"Office level image forming devices combine image forming processes and associated media handling and finishing processes in a single device. What is not clear to the common user is that any particular imaging task or job requested by the user to be carried out by the office level image forming device includes multiple individual imaging operations each according to specified orthogonal orientations referenced to a specific origin in the image forming device. Different imaging devices behave differently with regard to these individual imaging operations. The differing behaviors can occur across imaging devices from a same manufacturer, or across like devices produced by differing vendors.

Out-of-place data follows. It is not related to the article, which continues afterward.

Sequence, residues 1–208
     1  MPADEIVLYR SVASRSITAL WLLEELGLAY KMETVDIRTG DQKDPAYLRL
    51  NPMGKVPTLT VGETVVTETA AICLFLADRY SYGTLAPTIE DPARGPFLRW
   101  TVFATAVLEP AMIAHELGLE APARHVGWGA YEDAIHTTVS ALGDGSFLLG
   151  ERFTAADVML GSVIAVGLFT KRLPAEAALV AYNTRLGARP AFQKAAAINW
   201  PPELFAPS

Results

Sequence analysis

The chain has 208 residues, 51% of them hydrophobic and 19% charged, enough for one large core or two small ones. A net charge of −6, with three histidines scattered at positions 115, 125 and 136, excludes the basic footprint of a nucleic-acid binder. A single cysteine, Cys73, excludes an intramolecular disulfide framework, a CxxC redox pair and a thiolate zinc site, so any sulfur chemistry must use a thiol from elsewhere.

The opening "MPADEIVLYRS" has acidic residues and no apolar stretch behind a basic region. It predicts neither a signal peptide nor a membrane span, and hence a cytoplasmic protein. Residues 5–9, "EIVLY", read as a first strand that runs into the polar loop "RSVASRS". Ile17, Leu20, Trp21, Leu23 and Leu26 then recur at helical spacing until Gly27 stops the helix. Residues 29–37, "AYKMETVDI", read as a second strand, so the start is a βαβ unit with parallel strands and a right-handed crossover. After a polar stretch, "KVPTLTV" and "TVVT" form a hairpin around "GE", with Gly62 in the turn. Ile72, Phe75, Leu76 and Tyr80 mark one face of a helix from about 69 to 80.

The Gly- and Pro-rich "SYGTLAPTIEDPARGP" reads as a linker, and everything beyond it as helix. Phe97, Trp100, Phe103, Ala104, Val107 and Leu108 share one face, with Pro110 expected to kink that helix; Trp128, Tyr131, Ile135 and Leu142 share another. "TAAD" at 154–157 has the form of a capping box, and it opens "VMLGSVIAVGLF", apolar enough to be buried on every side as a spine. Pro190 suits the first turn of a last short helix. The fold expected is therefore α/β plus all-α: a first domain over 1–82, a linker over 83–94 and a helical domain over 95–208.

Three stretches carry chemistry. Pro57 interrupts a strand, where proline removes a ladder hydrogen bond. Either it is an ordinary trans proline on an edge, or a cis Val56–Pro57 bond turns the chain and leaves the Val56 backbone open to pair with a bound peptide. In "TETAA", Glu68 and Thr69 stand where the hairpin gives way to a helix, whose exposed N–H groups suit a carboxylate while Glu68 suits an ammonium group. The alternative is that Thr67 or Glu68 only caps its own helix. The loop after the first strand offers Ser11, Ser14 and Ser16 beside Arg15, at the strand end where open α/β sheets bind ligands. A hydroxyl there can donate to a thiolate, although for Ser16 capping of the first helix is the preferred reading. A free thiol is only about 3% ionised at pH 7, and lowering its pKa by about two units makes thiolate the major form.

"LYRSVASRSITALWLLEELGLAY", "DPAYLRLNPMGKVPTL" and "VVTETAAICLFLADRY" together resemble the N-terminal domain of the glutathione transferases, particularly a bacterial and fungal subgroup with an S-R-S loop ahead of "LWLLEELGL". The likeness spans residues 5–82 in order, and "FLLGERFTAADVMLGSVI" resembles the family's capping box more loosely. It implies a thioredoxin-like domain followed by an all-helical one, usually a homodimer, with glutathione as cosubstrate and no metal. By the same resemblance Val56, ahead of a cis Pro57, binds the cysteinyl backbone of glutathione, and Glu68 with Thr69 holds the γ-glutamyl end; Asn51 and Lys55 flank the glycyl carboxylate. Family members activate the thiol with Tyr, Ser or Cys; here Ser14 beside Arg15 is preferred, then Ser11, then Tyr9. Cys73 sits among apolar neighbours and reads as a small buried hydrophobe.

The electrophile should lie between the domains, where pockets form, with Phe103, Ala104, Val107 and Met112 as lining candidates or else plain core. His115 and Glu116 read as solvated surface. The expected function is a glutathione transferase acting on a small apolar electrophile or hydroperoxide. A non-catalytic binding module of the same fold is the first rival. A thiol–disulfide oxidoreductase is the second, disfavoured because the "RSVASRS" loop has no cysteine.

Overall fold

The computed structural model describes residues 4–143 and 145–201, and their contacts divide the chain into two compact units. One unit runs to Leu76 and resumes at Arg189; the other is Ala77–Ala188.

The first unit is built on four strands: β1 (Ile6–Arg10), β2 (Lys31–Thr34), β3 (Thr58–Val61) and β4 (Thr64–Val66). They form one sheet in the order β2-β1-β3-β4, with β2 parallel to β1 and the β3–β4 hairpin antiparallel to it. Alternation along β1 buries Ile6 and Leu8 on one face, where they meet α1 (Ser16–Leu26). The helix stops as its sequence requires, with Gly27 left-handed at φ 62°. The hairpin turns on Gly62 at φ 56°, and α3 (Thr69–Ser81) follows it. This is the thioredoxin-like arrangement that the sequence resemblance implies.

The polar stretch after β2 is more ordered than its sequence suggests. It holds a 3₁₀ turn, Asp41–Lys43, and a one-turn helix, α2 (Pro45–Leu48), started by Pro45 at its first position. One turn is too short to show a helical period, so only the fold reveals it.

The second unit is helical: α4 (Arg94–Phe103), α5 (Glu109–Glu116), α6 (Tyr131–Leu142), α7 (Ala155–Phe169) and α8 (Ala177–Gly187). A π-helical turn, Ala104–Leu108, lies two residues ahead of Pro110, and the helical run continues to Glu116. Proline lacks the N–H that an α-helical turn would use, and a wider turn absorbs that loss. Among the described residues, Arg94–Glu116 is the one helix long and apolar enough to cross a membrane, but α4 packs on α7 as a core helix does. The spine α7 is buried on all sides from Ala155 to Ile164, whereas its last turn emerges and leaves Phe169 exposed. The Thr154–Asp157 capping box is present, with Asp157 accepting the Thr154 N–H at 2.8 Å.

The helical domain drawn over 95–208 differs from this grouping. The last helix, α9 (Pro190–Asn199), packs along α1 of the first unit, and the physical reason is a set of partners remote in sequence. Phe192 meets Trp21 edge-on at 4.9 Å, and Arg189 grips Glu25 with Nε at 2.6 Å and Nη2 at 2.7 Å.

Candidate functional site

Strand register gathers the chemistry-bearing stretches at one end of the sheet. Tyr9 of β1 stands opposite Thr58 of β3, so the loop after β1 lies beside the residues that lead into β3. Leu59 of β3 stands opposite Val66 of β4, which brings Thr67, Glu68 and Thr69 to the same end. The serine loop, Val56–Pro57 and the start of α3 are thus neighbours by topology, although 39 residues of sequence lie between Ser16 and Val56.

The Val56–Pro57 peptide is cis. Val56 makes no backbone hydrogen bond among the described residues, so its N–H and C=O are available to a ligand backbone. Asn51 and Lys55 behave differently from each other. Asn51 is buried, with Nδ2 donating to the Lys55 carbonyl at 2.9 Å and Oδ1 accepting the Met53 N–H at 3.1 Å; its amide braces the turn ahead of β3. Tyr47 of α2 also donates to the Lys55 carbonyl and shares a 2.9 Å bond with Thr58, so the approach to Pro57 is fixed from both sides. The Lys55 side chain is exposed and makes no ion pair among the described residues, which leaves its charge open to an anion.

"An exemplary and non-exhaustive list of individual imaging operations includes scaling or sizing, translation or image shift, mirroring or reflecting, and rotation of images in two dimensions and of image receiving media in three dimensions. These operations are generally specifically ordered for a particular image forming device. Individual image forming operations are non-commutative. Thus, differing orders of the operations manipulate an input image receiving media in different ways. Any change in an order of operations, however, as a set of transformations, will typically result in a different output unless modified in some manner that may or may not be available to the system designer and/or programmer. Frequently, it is only through an extensive iterative trial and error process that a user will get an imaging job to run as desired to produce, for example, the desired output orientation for an imaged and finished document on a particular device and this effort is not translatable to another device.